Develop a system for organizing the reams of paper you will be receiving for each class. Be sure to hole punch any handouts that you download or receive in class so you can keep the papers organized within your notebook. Some students like to keep the lecture notes they have not yet reviewed in a separate “working” folder or binder. After they’ve gone over the notes, they transfer them into the notebook for that particular class.
The Basic Three-Step Process of Learning
Before class, take a few minutes to prepare by scanning the material to be covered in lecture. This might involve glancing over one of the following: a lecture outline available online, the coop lecture notes from last year, or the appropriate chapter in your textbook.
- Selective/Active Intake
Take notes with the goal of creating a tool that you can use later to both comprehend and retain the material. Remember that what seems fairly clear during lecture may seem obscure later on.
As you initially review a particular lecture, try to see the big picture and the structure of the material. Ask yourself what the professor emphasized (clinical application, theoretical underpinnings, etc.). Clarify your notes as needed by consulting a textbook.
Structure of a Weekday
8:00 to about 5:00 This time will be devoted to attending class and/or previewing and reviewing lectures. Spend 5 minutes after each class with a friend, filling in anything you missed from lecture. If you have a break of an hour or more, go somewhere nearby to study.
5:00 to about 7:00 Most students use this time to exercise, take a mini nap, eat, return phone calls, check email, eat dinner, etc.
7:00 to 10:00 or 11:00 Review your lecture notes from the day. If you can’t get through everything, do the hardest courses first and leave easier lectures for the weekend.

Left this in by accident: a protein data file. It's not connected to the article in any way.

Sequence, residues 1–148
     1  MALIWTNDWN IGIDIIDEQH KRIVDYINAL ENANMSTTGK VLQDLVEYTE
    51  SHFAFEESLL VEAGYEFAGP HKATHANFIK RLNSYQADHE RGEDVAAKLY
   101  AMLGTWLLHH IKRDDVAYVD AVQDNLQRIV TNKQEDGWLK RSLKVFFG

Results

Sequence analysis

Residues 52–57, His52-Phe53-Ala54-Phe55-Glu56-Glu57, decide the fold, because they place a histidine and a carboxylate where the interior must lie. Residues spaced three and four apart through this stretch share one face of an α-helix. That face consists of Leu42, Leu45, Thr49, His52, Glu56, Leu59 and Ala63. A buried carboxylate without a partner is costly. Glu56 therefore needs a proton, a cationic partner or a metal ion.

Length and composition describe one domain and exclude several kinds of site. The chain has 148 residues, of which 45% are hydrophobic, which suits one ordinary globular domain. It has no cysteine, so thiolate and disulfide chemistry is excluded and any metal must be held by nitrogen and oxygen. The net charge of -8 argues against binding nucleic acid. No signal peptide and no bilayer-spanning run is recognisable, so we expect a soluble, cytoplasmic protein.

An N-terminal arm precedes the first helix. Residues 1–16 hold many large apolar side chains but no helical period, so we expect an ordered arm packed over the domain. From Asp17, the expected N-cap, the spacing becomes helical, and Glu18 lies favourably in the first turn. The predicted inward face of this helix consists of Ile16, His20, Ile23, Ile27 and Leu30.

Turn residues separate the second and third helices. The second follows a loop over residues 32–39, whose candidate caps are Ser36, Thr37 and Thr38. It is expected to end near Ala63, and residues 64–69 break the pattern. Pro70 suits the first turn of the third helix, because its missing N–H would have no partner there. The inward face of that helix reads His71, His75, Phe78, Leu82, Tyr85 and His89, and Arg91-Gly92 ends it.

10:30 to 11:00 or 12:00 Do something to relax: talk on the phone, watch a TV show you recorded, write some email messages. Prepare for tomorrow by packing your book bag and doing other preparation routines. Write tomorrow’s “to do” list on a post-it.
Get used to the fact that you will never feel completely caught up and prepared. If you find yourself tempted to stay up late to catch up, be aware that doing so will mean that you will not be able to study at top capacity tomorrow. Keep in mind that your goal is to learn, not to feel virtuous because of how hard you’re working. If you must finish a certain amount of studying before tomorrow, go to bed on time and get up earlier the next day when your concentration will be better.
First of all, don’t delude yourself into thinking that you can take a few evenings off during the week and then catch up on the weekend. Instead, work hard M-F. Keep yourself going by reminding yourself of one fun activity you have planned for the weekend.
When Saturday morning arrives, get out of your apartment! Don’t try to do a few chores or errands before you study. If you do, it might be 3:00 before you actually begin studying. Instead, study first and do other activities during the “leftovers” of your day. Think about what you can do to ensure that you will leave your apartment: make plans to meet a friend somewhere, plan on studying in a new (and nicer!) library, start the day in a pleasant environment like a coffee shop or bookstore. Students have various routines for Sundays, with some studying early and relaxing later and others doing the opposite.